CLUB LICENSE FEES; PRORATIONS                                                                 S.B. 125:

                                                                                                    SUMMARY OF BILL

                                                                                     REPORTED FROM COMMITTEE










Senate Bill 125 (as reported without amendment)

Sponsor:  Senator Kevin Daley

Committee:  Regulatory Reform




The bill would amend the Michigan Liquor Control Code to require that club license fees be prorated for the period of the license that the licensee was prohibited from offering indoor service under a qualified order.


The Code generally requires the license fees for various license types to be paid when the application is filed. This applies to clubs selling beer, wine, mixed spirit drinks, and spirits. A club license costs $300 if a club has 150 or fewer members, and $1 more for each member in excess of 150, up to $750. The Code prohibits the specified license fees, including those set for club licenses, from being prorated for a portion of the effective period of the license for any reason.


The bill would require club license fees to be prorated for the portion of the effective period of the license that the licensee was prohibited from offering indoor service under a qualified order. "Qualified order" would mean any of the following issued in response to the COVID-19 epidemic: a) an emergency order under Section 2253 of the Public Health Code, or b) a state of disaster or state of emergency declared under the Emergency Management Act.


MCL 436.1525                                                      Legislative Analyst:  Christian Schmidt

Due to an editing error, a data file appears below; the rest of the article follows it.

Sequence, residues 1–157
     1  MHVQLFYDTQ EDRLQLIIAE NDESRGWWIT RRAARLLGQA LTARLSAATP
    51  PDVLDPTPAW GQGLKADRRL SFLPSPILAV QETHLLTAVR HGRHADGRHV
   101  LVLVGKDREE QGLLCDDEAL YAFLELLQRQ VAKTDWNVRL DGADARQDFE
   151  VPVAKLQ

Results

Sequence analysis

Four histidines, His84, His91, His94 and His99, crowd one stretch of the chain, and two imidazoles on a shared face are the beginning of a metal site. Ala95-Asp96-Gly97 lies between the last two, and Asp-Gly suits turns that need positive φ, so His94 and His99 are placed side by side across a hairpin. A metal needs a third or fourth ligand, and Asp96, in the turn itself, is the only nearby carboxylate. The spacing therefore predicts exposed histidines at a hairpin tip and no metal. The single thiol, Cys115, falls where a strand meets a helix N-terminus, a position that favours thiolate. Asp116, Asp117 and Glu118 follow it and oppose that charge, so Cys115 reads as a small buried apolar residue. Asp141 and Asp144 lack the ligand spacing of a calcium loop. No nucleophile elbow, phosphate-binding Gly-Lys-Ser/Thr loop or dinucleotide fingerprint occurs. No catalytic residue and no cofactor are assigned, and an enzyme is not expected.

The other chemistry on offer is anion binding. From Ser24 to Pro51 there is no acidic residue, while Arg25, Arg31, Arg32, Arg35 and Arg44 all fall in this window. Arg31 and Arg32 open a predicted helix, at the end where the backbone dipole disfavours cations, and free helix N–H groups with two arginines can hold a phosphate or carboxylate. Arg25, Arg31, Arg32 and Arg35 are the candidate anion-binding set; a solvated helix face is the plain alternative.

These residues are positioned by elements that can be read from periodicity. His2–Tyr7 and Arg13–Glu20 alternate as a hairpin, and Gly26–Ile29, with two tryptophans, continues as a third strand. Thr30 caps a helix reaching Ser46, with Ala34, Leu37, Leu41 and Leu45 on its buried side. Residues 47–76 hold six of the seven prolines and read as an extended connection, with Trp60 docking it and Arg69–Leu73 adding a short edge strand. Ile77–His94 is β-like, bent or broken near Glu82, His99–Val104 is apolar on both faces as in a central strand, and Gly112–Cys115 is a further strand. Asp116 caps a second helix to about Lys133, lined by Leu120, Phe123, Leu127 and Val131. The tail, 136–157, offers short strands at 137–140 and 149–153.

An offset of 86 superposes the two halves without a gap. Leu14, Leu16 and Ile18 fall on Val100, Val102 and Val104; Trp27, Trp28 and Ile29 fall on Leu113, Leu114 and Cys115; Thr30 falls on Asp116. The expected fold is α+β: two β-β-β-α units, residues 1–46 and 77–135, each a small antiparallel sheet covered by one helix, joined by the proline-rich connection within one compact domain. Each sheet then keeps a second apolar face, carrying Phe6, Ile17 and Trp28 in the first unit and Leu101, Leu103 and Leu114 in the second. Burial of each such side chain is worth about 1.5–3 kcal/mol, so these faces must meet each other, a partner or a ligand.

The bill would have a negative fiscal impact on State government and on local units of government. The Michigan Liquor Control Commission (MLCC) collected approximately $460,000 in club license renewal fees for fiscal year (FY) 2019-20. The MLCC retains 41.5% of this revenue for licensing and enforcement and 55% is distributed to local units of government. The remaining 3.5% is used for alcoholism prevention programs.


Under the bill, the MLCC would have to prorate club license fees for approximately five months, the amount of time qualified orders were in effect. Based on FY 2019-20 collections, this would result in about $200,000 in total lost restricted fund revenue. In accordance with the distribution described above, this would result in about $110,000 less to local governments and about $85,000 less for licensing and enforcement activities. The exact amount of reduced revenue would depend upon the license renewals due and the specific length of time used to calculate the proration. The MLCC also could incur costs related to administration and processing; however, the costs associated with this activity likely would be accommodated by current appropriations.


Date Completed:  3-17-21                                        Fiscal Analyst:  Elizabeth Raczkowski



This analysis was prepared by nonpartisan Senate staff for use by the Senate in its deliberations and does not constitute an official statement of legislative intent.